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Living and dining rooms: The living room is a fairly good-sized room and is usually connected to the dining room through an arched opening. Usually, both of these rooms would have painted woodwork, including baseboards and the trim of the windows and doors. Many Capes have coved ceilings in the living and dining rooms, making the rooms appear even larger.

Kitchen: Since many Capes were built in the 40’s and 50’s, there are several elements of that era that were integrated into the Capes of the day. For instance, kitchen countertops were treated to new plastic laminates, such as Formica, even though prior to this era, kitchen cabinets didn’t conform to many standards—much less the kitchen itself. Fortunately, researchers at the Building Research Council (University of Illinois at Urbana-Champaign, School of Architecture), created standards for kitchens. Many of these standards were adopted and are still in use today, most notably, the “work triangle” and standard cabinet dimensions.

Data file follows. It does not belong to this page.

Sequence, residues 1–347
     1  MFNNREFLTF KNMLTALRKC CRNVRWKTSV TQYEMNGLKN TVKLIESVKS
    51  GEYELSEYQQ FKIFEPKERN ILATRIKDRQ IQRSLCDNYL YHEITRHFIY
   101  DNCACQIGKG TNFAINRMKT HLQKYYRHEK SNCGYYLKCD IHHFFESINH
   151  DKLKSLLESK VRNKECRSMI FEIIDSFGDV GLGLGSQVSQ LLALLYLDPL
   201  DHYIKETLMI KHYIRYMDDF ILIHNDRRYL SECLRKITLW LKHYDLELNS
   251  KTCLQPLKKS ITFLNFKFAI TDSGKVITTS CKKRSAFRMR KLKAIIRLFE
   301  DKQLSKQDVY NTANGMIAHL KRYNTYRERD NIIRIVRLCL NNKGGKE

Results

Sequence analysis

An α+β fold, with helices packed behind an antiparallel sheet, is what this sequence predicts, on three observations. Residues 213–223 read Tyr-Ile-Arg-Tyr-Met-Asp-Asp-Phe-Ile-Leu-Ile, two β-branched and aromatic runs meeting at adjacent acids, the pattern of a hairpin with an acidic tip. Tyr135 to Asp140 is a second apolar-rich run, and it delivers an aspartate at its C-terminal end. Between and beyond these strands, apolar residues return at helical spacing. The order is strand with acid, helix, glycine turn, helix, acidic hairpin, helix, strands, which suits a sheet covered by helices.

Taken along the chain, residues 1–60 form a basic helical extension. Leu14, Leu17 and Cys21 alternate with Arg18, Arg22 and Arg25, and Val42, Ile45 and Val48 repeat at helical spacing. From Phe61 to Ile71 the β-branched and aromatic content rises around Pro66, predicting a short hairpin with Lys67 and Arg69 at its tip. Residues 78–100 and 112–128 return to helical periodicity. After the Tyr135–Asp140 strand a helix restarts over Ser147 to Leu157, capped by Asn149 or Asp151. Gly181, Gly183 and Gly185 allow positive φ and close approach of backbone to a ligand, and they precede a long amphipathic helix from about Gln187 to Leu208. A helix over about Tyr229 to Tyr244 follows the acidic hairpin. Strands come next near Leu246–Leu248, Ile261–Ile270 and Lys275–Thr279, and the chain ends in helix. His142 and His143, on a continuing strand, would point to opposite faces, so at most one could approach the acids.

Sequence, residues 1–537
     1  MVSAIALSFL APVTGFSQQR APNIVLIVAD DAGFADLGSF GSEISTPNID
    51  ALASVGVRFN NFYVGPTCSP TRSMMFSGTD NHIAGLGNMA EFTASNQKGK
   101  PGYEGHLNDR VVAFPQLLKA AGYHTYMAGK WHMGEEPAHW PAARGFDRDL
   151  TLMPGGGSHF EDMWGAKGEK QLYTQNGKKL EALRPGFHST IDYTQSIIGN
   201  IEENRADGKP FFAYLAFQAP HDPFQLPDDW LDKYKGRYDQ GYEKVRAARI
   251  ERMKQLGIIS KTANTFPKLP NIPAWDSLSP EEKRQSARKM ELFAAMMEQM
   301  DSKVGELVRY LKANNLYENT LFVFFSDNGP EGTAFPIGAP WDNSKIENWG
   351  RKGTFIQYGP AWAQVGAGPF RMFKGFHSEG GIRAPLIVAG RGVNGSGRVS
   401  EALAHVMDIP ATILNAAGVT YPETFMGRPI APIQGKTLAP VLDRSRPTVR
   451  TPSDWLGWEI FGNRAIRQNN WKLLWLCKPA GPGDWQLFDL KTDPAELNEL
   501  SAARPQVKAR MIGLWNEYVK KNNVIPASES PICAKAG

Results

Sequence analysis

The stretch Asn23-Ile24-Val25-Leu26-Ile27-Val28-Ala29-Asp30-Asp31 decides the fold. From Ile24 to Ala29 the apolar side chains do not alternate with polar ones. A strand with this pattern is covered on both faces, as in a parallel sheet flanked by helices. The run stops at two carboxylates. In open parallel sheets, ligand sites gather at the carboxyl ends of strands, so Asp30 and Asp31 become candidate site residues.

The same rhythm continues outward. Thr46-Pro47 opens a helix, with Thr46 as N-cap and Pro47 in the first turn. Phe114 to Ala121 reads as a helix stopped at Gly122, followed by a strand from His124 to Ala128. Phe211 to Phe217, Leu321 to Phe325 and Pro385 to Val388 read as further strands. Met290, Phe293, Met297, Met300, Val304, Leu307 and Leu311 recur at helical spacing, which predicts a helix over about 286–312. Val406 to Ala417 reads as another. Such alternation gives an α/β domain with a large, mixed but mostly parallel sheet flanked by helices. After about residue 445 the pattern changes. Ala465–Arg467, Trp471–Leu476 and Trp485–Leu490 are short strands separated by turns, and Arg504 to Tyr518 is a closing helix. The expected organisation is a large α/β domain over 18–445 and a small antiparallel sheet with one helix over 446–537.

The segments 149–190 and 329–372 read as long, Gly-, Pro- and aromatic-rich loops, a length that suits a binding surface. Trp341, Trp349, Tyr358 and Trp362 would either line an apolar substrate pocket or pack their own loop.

Windows: A Cape is classified by its double-hung windows throughout the house. It usually also has a bay window in the living room or the dining room, affording the owners a nice view.

Floorplan: There are several standard floorplans for capes, but one of the most popular ones is with the living at the front of the house where the front door enters, dining straight back from the main entry, kitchen off to one side. Between the living and dining is the stairs to go up, and an archway to a hallway opposite of the stairs. In the hallway, one would usually find the bathroom in-between 2 bedrooms, one bedroom at the front, one at the back.